By Gaige Davila
Mike Hancock has been teaching at Huaihua University in Huaihua, Hunan Province, China since September 2019, just two months before the first case of novel coronavirus COVID-19 was confirmed in the country.
Hancock signed a year-long contract with the university after teaching English classes at Port Isabel High School for 6 years.
Hancock is currently in Ormoc, Philippines, teaching classes online, unable to return to China, after Huaihua University shut its doors in January. To date, there are 81,008 cases of COVID-19 in China, with 3,255 deaths. In the Philippines, there are 307 confirmed COVID-19 cases, with 19 deaths.
The PRESS interviewed Hancock via Google Docs on a secure server.
PRESS: You were teaching in China during the initial COVID-19 outbreak. Walk us through how you learned of the outbreak, where you were, and what restrictions you had to comply with:
Mike Hancock: The first case of NCV (novel coronavirus, COVID-19) was detected around the middle of November in Wuhan, 400 miles NE of where I was teaching in Huaihua, Hunan, China. My classes ran until January 10th, and we heard nothing up until that point. By the time the virus became global news and restrictions were put into place, I was already in the Philippines, fully expecting to return to the university on February 16th.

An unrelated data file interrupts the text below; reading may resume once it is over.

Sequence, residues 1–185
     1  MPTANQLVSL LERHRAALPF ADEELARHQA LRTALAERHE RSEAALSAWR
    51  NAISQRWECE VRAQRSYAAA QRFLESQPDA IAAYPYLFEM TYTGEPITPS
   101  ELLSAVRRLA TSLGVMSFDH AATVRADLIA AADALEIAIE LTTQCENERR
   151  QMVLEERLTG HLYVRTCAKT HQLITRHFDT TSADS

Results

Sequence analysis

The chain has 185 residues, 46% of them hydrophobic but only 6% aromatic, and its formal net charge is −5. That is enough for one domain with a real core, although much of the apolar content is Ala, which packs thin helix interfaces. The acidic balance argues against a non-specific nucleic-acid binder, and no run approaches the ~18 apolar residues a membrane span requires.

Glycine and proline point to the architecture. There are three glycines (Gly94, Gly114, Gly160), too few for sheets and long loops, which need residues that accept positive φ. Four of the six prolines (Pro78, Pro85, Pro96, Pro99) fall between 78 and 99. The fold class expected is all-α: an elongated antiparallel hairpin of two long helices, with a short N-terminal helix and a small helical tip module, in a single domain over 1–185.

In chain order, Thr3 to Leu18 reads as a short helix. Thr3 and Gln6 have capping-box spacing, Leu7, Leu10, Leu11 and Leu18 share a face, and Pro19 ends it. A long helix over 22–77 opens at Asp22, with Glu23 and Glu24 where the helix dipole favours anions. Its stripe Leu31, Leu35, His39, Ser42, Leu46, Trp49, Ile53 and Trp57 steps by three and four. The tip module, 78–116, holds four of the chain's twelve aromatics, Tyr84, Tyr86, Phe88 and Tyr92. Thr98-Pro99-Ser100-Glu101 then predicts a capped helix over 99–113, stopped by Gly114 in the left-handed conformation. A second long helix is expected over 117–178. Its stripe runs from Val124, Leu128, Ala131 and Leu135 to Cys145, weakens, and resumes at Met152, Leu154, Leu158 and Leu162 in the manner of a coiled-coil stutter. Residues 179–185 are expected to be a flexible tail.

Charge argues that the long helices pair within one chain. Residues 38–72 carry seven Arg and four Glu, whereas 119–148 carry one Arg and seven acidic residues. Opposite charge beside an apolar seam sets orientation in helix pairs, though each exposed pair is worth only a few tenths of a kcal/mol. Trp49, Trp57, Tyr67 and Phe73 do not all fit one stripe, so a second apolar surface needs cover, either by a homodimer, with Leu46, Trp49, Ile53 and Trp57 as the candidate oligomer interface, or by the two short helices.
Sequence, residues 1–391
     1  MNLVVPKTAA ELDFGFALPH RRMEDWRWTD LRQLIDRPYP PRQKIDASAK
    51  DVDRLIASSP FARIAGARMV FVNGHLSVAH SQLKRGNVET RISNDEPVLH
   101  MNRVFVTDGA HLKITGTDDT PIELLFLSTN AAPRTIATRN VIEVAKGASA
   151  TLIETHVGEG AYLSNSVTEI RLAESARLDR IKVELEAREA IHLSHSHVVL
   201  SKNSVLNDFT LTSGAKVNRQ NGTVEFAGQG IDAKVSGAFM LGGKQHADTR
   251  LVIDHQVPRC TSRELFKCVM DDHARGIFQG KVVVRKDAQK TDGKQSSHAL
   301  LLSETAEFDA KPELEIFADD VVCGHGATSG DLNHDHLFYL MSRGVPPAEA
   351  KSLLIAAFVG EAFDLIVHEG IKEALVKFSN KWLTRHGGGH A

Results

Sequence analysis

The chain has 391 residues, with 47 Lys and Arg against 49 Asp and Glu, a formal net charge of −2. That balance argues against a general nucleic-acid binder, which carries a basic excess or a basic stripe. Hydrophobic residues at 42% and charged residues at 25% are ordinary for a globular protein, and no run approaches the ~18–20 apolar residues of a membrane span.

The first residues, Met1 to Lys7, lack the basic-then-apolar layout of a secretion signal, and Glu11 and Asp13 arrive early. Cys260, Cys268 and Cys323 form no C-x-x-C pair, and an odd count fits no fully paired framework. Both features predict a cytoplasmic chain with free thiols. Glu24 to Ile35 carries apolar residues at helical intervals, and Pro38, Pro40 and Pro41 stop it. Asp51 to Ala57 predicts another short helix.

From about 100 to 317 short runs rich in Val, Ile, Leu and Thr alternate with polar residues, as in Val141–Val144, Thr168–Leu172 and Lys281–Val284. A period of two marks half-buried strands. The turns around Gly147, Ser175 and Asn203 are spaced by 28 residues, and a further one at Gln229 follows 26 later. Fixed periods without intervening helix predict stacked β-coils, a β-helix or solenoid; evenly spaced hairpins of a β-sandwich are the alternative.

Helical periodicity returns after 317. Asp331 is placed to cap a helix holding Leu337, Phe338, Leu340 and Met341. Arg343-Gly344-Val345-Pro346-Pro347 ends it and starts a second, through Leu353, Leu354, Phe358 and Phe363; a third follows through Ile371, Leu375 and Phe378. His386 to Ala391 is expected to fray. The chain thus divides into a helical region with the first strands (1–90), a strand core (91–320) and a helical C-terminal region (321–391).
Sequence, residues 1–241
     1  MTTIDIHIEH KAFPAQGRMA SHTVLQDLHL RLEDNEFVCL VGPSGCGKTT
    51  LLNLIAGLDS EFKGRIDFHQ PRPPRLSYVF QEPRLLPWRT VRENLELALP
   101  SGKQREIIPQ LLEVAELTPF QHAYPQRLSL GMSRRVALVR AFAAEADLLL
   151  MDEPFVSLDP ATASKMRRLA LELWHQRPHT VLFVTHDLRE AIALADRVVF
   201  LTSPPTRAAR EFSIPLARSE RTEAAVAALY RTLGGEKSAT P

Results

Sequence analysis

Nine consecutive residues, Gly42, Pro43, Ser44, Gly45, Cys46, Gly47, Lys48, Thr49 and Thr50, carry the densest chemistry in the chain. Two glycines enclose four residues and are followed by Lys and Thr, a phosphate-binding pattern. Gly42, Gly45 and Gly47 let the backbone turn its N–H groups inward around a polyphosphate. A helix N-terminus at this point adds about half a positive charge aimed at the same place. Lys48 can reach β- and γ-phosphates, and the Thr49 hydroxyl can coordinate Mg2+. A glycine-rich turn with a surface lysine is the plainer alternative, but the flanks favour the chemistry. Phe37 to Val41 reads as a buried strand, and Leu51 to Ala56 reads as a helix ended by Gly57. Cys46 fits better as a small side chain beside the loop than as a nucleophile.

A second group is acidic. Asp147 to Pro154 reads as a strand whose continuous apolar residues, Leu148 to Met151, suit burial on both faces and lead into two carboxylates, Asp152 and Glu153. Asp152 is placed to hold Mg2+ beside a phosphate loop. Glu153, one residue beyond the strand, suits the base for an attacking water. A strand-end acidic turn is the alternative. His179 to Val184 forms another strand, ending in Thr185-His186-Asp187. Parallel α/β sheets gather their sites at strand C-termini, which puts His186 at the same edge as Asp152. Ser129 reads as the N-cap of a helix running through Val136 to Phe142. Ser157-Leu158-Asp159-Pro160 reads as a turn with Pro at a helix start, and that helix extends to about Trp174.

It’s a little eerie to think that I wasn’t far from the epicenter of the outbreak, and it was well on its way to spreading, when I departed from China via Changsha, just weeks before the shutdown.
Are you teaching now?
Like most teachers and professors stateside, I’m now teaching online, via wechat, to my 220 students, all of whom are studying from home in Hunan and surrounding provinces. The administration at Huaihua University set my schedule as two basic classes, Oral English and Business English, with the majority being sixteen-week courses that I’d teach online here in the Philippines until we have clearance to come back to campus. By all accounts, that’s around the beginning of May.
My students are studying business terms and foreign cultures, as well as keeping up-to-date with the NCV situation, particularly in the United States. They’ve communicated with my past students indirectly via wechat and Twitter, offering advice from how to deal with self-quarantines to the best online games and movies that keep them entertained while we all wait this thing out.
What is life like for your students in China now?
My students are phenomenal; their mental toughness is pretty awe-inspiring. Life is better now for them. With the last of the additional hospital units closing due to patients recovering and the dropping number of cases, they can now enjoy a little bit of freedom, able to go outside and socialize more, although they still wear the surgical masks.
Many of their parents have returned to work in their respective offices or warehouses, so we’re seeing normalization returning to the provinces. Despite having been confined to their homes for much of the last couple of months, the citizens still exercise extreme caution when venturing out, and take all precautionary measures.
The solidarity the people have shown during this horrible time is both commendable and something Americans should strive to emulate.
Editor’s note: Read the PRESS’ full interview with Mike Hancock in this week’s edition, on stands now.